It is my firm belief that the only long-term, competitive advantage any company can have is the talents and passion of its people. People are truly the most important asset an organization has. Yet many companies don't make a concerted effort to make sure their people feel valued. This is a huge mistake with major consequences.
My company, the USTA, is a not-for-profit organization in Westchester County, N.Y. From my office window, I can throw a stone and hit Avon, Pepsi, IBM, Starwoods, and ITT, just to name a few of the Fortune 500 companies in our neighborhood. All of these companies can pay my people more than I can for the same job. Yet, in the almost 11 years that I've been at the USTA, we've only lost one employee who we wanted to keep. How have we accomplished such a great retention rate?
First of all, we have worked hard to develop a team culture. People feel a part of something bigger than themselves. We have tried to develop an esprit de corps where people enjoy the work they do, and perhaps more importantly, the people they work with, to accomplish their jobs. We have also tried to help people connect the dots between what they do and the mission of the organization. Therefore, our DBA isn't working with SQL server; he's helping to grow tennis participation in the United States.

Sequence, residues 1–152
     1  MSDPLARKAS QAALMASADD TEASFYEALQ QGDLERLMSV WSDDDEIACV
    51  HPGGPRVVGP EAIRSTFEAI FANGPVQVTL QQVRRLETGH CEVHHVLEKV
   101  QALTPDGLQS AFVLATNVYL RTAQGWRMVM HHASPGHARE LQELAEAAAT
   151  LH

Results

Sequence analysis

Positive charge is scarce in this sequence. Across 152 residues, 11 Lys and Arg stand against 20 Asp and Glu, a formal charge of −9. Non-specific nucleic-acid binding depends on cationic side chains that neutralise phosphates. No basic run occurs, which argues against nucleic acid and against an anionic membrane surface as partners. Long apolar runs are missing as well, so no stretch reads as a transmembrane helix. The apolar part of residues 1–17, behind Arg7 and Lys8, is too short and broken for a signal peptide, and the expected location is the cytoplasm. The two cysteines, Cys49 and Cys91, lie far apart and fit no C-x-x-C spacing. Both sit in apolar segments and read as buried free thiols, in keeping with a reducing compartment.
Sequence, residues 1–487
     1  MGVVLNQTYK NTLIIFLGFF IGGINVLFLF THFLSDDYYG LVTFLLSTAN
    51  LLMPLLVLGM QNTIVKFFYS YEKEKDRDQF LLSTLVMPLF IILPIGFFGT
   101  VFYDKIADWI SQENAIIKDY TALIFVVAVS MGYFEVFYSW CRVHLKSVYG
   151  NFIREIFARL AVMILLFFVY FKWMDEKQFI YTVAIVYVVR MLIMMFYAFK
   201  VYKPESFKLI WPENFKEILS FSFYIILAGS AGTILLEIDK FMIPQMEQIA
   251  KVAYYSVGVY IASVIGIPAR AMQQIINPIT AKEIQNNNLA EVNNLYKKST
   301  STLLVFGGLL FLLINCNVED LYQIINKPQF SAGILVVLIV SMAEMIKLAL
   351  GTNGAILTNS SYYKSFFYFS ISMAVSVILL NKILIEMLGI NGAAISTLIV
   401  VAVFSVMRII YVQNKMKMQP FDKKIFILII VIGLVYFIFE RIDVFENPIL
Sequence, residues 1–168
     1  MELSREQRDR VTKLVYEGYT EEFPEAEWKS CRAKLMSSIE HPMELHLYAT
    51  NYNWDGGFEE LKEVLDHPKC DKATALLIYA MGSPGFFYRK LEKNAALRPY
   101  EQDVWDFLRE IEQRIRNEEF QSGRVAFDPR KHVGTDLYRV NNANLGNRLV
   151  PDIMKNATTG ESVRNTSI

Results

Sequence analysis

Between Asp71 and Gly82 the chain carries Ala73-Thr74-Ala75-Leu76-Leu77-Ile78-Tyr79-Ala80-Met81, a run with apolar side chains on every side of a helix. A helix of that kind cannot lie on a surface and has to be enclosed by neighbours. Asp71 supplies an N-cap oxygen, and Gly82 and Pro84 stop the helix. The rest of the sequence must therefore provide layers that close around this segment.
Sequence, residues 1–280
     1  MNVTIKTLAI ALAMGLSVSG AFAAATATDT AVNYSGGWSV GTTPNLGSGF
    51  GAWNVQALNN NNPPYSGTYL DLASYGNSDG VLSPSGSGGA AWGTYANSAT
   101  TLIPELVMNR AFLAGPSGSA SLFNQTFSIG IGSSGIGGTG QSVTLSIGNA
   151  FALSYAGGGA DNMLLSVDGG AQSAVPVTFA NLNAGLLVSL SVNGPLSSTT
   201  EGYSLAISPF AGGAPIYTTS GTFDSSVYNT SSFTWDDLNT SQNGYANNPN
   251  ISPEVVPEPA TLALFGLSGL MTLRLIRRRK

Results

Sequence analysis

We've also empowered people to do as much as they can. We don't limit employees' contributions to their job descriptions. We try to find new ways that people can innovate and contribute. When we decided to investigate cloud computing a few years back, we had an application developer assemble a cross-functional team to look at the opportunity and recommend what we should do as an organization.
This was outside of their day-to-day responsibilities, and they learned a lot about a new technology. The bottom line was they made a recommendation that allowed us to save 70 percent on hosting our back-end systems. It was a huge win for the organization, but also very rewarding for the people involved. (By the way, the one person we did lose was the guy who led this team. Amazon was so impressed with him that they offered him 50 percent more than we were paying him!)
We also get our people involved in projects outside of IT. Two of my senior staff led major volunteer task forces last year, and one of my people is the program manager for the most important business imitative the association currently has under way. All of these people are being stretched and doing more than just contributing to the IT team. They are helping to drive tangible change for our business.
We also try to make sure our people get recognized for their accomplishments. I don't believe in a system where one employee is more important than the rest. I always tell my team that we are peers and colleagues. They can and do approach me as a member of their team, not as "the boss." They know and I know that any success we've had is due to the contributions of the team. When we won the CIO 100 award last year, we celebrated it as a team award, not as recognition of one person's leadership.
My mantra is that success is a team sport. That's how we play the game and that's how we've developed a culture where people feel good about the work they do, the contributions they make, and the dynamic we've developed.
What do you do to ensure that you are retaining your high performers? I'd be interested to learn about your best-practices.